Thanks for giving us the mailing address of this “journalist,” but I do not plan to send him a free book. That would merely be more redistribution of wealth from the bottom 90% (me) to the top 1% (him).

    Read the books of Hosea, Amos, and the first third of Isaiah, and you can see that their prophecies against the two kingdoms of Israel (aka Samaria) and Judah centered on social justice even more than religious and sexual sins, primarily because they considered idolatry the CAUSE of social injustice. And the ORIGINAL message of Jesus was to “preach good news to the poor.”

  4. charleo1 January 18, 2014

    David Brooks is a propagandist. A clever one, with talent, and writing chops,
    but a propagandist all the same. At this point, one doesn’t need a degree
    in economics, or an MBA from an ivy league school, to diagnose the malady
    ailing our economy. So skewed, and obviously out of kilter, it has become. Siting high school dropouts, and professional people marrying each other,
    is a prime example of the unbelievable pap that’s being offered up to explain
    the perverse inequities that have been the deliberate creation of an entire
    system so corrupted, as to be criminal. Politicians, unwilling to lift a finger to finger to reverse a situation that will ultimately undermine democracy, and everything this Country stands for. Not all, and not yet. But too many, and too close to the precipice. There are some who are right at this moment, beginning to ask themselves. Could this be real? Could my dreams be coming true? Could I really have it all? Sweet Jesus, this is great!

  5. Lovefacts January 18, 2014

    Americans aren’t educated about their own history or that of the world and don’t have critical thinking skills. Those who don’t know history are doomed to repeat it. Worsening this problem is that news has gone from a public service, one to keep the public informed is now profit-centered entertainment. And with the exception of Fox which is really a Republican propaganda machine, reporters are now afraid to offend politicians and thus refuse to call them on their lies. Most reporters are nothing more than pretty talking heads, aren’t educated in US or world history, and like most of the 1% either haven’t heard of or know the definition of “noblesse oblige,” which used to rule America. Yes, the younger generation of one percenters–like the Gates and Wozniak–have rediscovered this attitude, unlike the Koch brothers and their generation upon who Gordon Gekko was based.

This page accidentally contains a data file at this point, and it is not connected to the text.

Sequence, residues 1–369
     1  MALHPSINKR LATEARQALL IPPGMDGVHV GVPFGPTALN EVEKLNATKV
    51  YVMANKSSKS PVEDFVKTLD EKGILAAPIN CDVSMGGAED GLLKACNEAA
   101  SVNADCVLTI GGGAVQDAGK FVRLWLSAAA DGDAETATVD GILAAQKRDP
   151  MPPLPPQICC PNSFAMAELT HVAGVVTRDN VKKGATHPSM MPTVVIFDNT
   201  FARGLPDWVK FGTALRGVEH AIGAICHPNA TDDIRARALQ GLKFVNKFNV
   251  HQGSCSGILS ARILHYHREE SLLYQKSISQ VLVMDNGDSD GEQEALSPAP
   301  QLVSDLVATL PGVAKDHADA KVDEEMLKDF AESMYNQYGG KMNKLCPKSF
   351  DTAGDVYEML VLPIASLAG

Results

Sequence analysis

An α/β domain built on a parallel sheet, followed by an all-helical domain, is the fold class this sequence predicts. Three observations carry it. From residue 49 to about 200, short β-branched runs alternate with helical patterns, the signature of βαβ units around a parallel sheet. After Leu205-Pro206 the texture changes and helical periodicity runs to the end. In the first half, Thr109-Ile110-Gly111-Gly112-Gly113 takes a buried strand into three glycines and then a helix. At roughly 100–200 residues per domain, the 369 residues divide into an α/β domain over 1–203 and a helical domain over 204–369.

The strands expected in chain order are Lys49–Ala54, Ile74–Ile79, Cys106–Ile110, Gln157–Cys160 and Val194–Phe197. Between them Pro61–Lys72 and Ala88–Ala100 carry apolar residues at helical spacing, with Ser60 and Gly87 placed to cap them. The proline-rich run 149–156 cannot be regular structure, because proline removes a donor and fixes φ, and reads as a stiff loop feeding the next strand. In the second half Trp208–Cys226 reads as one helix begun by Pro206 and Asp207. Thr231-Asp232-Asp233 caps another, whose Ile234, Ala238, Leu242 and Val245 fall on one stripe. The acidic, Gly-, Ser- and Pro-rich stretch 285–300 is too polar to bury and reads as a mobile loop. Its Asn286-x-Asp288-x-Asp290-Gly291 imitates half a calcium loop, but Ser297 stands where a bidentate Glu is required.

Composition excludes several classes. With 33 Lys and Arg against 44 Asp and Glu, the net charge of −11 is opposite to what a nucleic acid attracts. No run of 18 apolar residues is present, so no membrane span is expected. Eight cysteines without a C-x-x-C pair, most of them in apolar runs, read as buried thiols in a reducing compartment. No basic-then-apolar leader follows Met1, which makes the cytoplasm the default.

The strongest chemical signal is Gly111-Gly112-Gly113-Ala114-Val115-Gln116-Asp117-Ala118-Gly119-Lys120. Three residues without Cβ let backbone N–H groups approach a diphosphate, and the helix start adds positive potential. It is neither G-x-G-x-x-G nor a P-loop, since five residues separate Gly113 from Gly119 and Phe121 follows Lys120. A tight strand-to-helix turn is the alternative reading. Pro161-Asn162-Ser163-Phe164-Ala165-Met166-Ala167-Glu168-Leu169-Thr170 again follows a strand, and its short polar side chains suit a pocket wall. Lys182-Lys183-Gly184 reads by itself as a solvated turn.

1. 788eddie January 18, 2014

      Well stated, Lovefacts.

      I have heard it said that Fox News is “the Republican party at prayer.” They support the party propaganda stances wholly, and not without fault.

      The latest example is, of course, Andrea Tantaros, a Fox host who yesterday observed, “If you ask most people, they don’t even know why we left England. They don’t even know why some guy in Boston got his head blown off because he tried to secretly raise the tax on tea. Most people don’t know that.”

      (chilling, huh?)

      1. CPAinNewYork January 20, 2014

        Nobody in Boston or anywhere else “…got his head blown off because he tried to secretly raise the tax on tea”.

        Where did she get that cockamamie story? The Boston Tea Party was two years before Lexington. Andrea Tantaros sounds as if she’s a relative of Sarah Palin.

    2. sigrid28 January 19, 2014

      Talk about willful blindness.

  6. mah101 January 18, 2014

    I read Brooks’ column in the NYT and was frankly shocked. I don’t often agree with David Brooks but often find him to be rational and informed. However, I couldn’t believe how badly he mangled the issue, the causes, and the proposed solutions to this growing problem. My ability to listen and respect Brooks’ thoughts on issues was badly shaken (to be clear, I am certainly not often in agreement with Brooks but have found him in other cases to be a reasoned voice from the right center).

  7. ExRadioGuy15 January 18, 2014

    D.C. Johnston has it correct. The greedy and Fascist GOP Cons use propaganda to fool everybody else in the Republican Party into thinking that hard work will make you rich. “Oh, well, if you work hard and get a little lucky, you can be rich, like us”. B*llsh!t… how the rich REALLY get rich is almost always through two factors: inheritance and exploitation….
    The inheritance part is easy to explain. Many wealthy families these days have been wealthy for decades. That wealth is simply passed down upon the deaths of older family members. The Koch brothers are a great example of this. They won’t admit the sad truth that they’ve never really worked for a living…they just simply inherited the wealth passed on to them by their Fascist Reich-Wing John Birch Society father, Fred. Even Fred himself didn’t really work for the fortune he passed to his four sons (yes, there are four Koch brothers; we just know about two of them, Chuckie and Davy); he used the second factor to accumulate his wealth: exploitation.